“The opposite of addiction is not sobriety. The opposite of addiction is connection.”
- Johann Hari, Chasing the Scream
Ideas about how to treat addiction are so widespread that it seems almost impossible to imagine alternatives. Endless films, TV shows, and news coverage have led us to believe that if someone is addicted to drugs, the only solution is for them to stop, cold turkey.
However, treatment needs to move beyond just sobriety. Here’s why:
Sobriety has been the only option and it’s not working. The vast majority of rehab and addiction treatment programs available today use an Alcoholics Anonymous (AA), or 12-step model, with sobriety as their ultimate goal. Opting for sobriety is an effective and life-saving option for many people. However, it does not work for everyone. Despite the dominance of the AA model, its success rates (measured by its own standards) are quite low. A 2014 survey of AA membership found that 27% of those surveyed remained sober less than one year. LA Times cites an 8-12% sobriety rate after the first year. Meanwhile, drug overdose is the leading cause of injury death in the United States, surpassing even motor vehicle crashes. It’s clear that the field of addiction treatment needs to change.
Meet people where they are and reduce harm. For those struggling with addiction, the substance serves as an important mechanism to cope with the challenges they face around them. Renegotiating one’s use to this substance takes time, deep internal struggle, and often involves making mistakes. Yet, many rehab programs view relapsing as a sign of failure or even as grounds to kick someone out of treatment, rather than the natural course of treatment. Instead, treatment should understand that people are trying their best, even when it’s most challenging. It should support people with compassion as they go on their journey to change their substance use.
Moderation is a viable option--in fact, most people do it. Globally, most people moderate their use with some substances and abstain from others. Even people struggling with problematic substance use have limits about how or when they use. For example, maybe they don’t use when they need to show up for an appointment or when they are around children. This shows that, with a mental shift, other ways of dealing with the substance are possible. If someone has an unhealthy relationship to, for example, alcohol, why couldn’t one goal be to develop a healthy relationship to it? Why should a glass of wine with a meal be considered a relapse?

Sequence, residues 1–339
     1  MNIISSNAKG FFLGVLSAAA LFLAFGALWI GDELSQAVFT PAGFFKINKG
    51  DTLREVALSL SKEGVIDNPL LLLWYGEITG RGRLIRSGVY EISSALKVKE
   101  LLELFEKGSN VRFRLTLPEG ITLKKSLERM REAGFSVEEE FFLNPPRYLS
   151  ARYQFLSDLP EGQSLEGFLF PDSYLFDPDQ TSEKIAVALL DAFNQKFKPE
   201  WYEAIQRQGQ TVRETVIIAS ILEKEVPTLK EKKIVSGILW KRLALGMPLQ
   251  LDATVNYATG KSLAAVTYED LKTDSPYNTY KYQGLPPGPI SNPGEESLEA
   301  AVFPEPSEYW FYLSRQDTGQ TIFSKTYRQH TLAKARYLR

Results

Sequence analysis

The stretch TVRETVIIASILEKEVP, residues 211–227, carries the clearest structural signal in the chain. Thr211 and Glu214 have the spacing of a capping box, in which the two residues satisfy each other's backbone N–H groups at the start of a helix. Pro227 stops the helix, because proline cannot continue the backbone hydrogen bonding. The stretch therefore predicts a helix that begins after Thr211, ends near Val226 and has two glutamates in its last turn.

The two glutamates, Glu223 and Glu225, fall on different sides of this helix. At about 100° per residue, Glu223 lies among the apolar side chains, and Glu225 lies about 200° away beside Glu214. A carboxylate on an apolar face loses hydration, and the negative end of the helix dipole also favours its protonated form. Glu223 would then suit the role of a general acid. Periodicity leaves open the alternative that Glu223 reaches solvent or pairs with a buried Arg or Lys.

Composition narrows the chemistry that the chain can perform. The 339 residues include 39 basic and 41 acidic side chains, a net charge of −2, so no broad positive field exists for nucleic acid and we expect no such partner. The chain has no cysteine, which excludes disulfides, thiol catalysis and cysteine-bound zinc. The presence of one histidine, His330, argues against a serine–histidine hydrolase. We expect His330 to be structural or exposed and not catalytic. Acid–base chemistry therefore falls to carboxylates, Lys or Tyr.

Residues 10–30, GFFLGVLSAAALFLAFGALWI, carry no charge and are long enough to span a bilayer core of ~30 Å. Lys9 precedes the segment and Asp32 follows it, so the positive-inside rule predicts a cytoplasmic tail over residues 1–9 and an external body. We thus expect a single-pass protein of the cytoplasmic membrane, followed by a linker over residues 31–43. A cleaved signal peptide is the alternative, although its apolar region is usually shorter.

Renegotiating substance use on a person’s own terms allows them to go deeper. There is strong consensus in the psychological, psychiatric and addiction research world that addiction and substance abuse most often occurs as a coping strategy with underlying trauma or other major stressors. (See sources below.) Solely encouraging someone to shift their behavior just scratches the surface. Shifting treatment to the person rather than the substance allows them to address the issue at the root. For example, for someone dealing with alcoholism, experimenting with moderation (in a supportive environment and with a clear plan) can allow them to better understand what purpose the substance serves in their life. They can address any issues that arise when in contact with alcohol and start to explore a different relationship to this substance. In the end, they may decide that abstinence makes the most sense for them after all. Yet, because of this deeper process, the outcome is richer and longer lasting.
When people steer the course of their own treatment, outcomes last. Addiction often arises for people in response feeling a lack of control over their life circumstances. Treatment that imposes a particular outcome or practices “tough love” sometimes only reinforces this feeling of lack of control. A person may comply with sobriety in the short term, but find that it doesn’t stick. By contrast, when people have a say the course of their treatment, they are often clearer about what they want and value. This tends to lead to deeper and more sustainable change.
When we stop narrowly focusing on the substance, possibilities multiply. Shifting the focus away from just the substance opens up a multitude of conversations about the person’s life. What are the person’s fears, desires, dreams? What is their relationship to community, to work, to sexuality? The conversation becomes less about just a substance, and more about the person. It allows them to connect or reconnect with their purpose in life and begin to live with a greater sense of meaning.
The Business of Recovery. Directed by Adam Finberg. USA: 2015.
Hari, Johann. Chasing the Scream: The First and Last Days of the War On Drugs. First U.S. edition. New York, New York: Bloomsbury, 2015. Watch Hari’s TED talk.
Maté, Gabor, M.D. In the Realm of Hungry Ghosts: Close Encounters with Addiction. Toronto: Knopf Canada, 2008. Watch Dr. Maté’s TED talk.